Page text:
Visual Arts and Museum Affairs Blog
September 7, 2023: VAMA Collection: Inez Milholland Boissevain
Posted on September 07, 2023 at 12:00 AM
by Grace Soares, VAMA Intern
Pictured in the center of this pageant poster is Inez Milholland Boissevain. Milholland Boissevain was a prominent figure in the fight for women’s rights. Not only a powerful and successful suffragist, Inez Milholland Boissevain was a labor lawyer, peace activist, social activist, public speaker, and played an important role in New York society in the early 1900s.
Born on August 6th, 1886 in New York City, into a wealthy and educated family, Inez Milholland Boissevain received an education from Vassar College, and NYU Law School. Her views, radical for the time, included fighting for women’s rights, labor and prison reform, and racial equality. She was also anti-war, and pro-sex, making her extremely progressive and controversial.
As pictured in the 1917 pageant poster, Milholland Boissevain often participated in marches for women’s rights on the back of a stark white horse, wearing a crown and a long white cape, drawing attention from the masses. This regal image depicts her as almost an angelic figure, while still expressing the sheer power and strength she possessed.
In regards to the text on this poster, the phrase that may stand out to most viewers of this artwork is “Who died for the freedom of women”. Inez Milholland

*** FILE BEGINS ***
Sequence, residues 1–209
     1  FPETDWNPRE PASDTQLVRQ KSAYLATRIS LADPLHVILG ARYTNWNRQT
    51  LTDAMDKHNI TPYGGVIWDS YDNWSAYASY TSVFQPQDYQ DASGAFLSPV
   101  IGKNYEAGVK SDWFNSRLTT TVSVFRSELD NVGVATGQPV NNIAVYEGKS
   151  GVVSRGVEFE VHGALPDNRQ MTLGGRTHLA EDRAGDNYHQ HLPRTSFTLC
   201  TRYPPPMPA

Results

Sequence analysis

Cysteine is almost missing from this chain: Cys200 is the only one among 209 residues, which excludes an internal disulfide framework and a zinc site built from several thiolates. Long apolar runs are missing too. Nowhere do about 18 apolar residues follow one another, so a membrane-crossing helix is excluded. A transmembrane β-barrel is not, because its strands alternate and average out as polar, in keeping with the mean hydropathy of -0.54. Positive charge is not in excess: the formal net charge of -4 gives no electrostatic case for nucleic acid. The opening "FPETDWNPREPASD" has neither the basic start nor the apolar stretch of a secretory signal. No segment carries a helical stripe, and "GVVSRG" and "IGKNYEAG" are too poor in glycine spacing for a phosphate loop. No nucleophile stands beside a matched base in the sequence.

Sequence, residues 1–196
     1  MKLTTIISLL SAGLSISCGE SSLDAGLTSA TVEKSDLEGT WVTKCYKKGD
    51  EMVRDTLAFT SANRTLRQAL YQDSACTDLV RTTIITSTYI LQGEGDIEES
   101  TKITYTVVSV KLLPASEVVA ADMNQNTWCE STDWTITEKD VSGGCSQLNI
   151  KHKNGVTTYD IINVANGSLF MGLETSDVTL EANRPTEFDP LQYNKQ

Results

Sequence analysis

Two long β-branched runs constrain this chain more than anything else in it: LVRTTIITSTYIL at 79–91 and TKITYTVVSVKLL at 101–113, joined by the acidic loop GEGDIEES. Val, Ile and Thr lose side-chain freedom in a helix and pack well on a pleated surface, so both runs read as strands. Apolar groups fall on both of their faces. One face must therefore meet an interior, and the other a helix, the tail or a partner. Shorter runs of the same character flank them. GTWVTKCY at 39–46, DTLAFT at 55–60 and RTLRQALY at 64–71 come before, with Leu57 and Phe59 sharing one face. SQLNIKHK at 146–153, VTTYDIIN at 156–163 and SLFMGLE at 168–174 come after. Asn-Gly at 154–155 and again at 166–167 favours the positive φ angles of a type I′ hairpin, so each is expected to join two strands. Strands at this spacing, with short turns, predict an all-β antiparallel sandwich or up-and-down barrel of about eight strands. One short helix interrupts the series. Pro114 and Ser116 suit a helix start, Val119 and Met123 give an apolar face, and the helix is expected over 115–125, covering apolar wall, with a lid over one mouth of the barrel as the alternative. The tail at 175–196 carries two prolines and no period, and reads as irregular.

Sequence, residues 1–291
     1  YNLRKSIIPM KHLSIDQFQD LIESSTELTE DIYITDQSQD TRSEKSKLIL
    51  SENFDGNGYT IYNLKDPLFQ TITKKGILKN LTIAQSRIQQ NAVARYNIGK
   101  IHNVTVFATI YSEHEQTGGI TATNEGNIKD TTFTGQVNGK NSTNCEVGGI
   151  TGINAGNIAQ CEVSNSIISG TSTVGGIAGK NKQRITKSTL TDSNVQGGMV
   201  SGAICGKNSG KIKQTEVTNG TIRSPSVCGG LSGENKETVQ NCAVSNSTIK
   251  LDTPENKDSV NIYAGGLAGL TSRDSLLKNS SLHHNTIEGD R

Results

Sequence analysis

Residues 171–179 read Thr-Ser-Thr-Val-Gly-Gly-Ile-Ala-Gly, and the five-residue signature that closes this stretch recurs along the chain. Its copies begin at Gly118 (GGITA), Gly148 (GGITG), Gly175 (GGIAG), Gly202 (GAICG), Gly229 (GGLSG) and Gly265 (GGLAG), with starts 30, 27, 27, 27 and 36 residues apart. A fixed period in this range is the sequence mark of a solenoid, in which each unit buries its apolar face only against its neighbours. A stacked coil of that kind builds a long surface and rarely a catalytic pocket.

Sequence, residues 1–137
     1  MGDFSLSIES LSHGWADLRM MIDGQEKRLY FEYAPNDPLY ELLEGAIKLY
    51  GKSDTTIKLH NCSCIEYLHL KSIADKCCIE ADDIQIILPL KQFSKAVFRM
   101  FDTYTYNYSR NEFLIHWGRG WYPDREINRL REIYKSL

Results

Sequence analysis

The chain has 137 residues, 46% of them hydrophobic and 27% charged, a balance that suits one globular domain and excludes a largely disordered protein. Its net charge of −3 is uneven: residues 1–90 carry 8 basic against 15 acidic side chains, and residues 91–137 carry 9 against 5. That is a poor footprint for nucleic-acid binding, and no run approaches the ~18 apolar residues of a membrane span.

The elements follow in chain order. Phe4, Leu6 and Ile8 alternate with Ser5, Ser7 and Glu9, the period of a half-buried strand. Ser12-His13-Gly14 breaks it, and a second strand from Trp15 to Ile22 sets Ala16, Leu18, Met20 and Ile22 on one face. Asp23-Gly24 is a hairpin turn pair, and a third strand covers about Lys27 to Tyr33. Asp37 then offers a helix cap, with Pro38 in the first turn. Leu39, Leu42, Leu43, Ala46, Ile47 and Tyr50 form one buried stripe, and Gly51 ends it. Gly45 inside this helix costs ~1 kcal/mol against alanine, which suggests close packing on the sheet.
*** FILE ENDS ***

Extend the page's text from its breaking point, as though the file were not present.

Boissevain’s death did in fact result in part from her ceaseless fight for women and others who faced oppression. Milholland Boissevain suffered from pernicious anemia, an autoimmune disorder that causes a lack of the crucial vitamin B12. Her constant fight for equality was not only exhausting, but it was directly leading to a decline in her already wavering health. Inez collapsed on stage in Los Angeles, giving a speech about what she was most passionate about, women’s suffrage. She died shortly after on November 25, 1916.
Milholland Boissevain has been a figure of martyrdom for the women’s rights movement for over 100 years. Her legacy lives on, and her powerful yet beautiful image continues to leave a lasting impression in the minds of those who fight for the equality of women.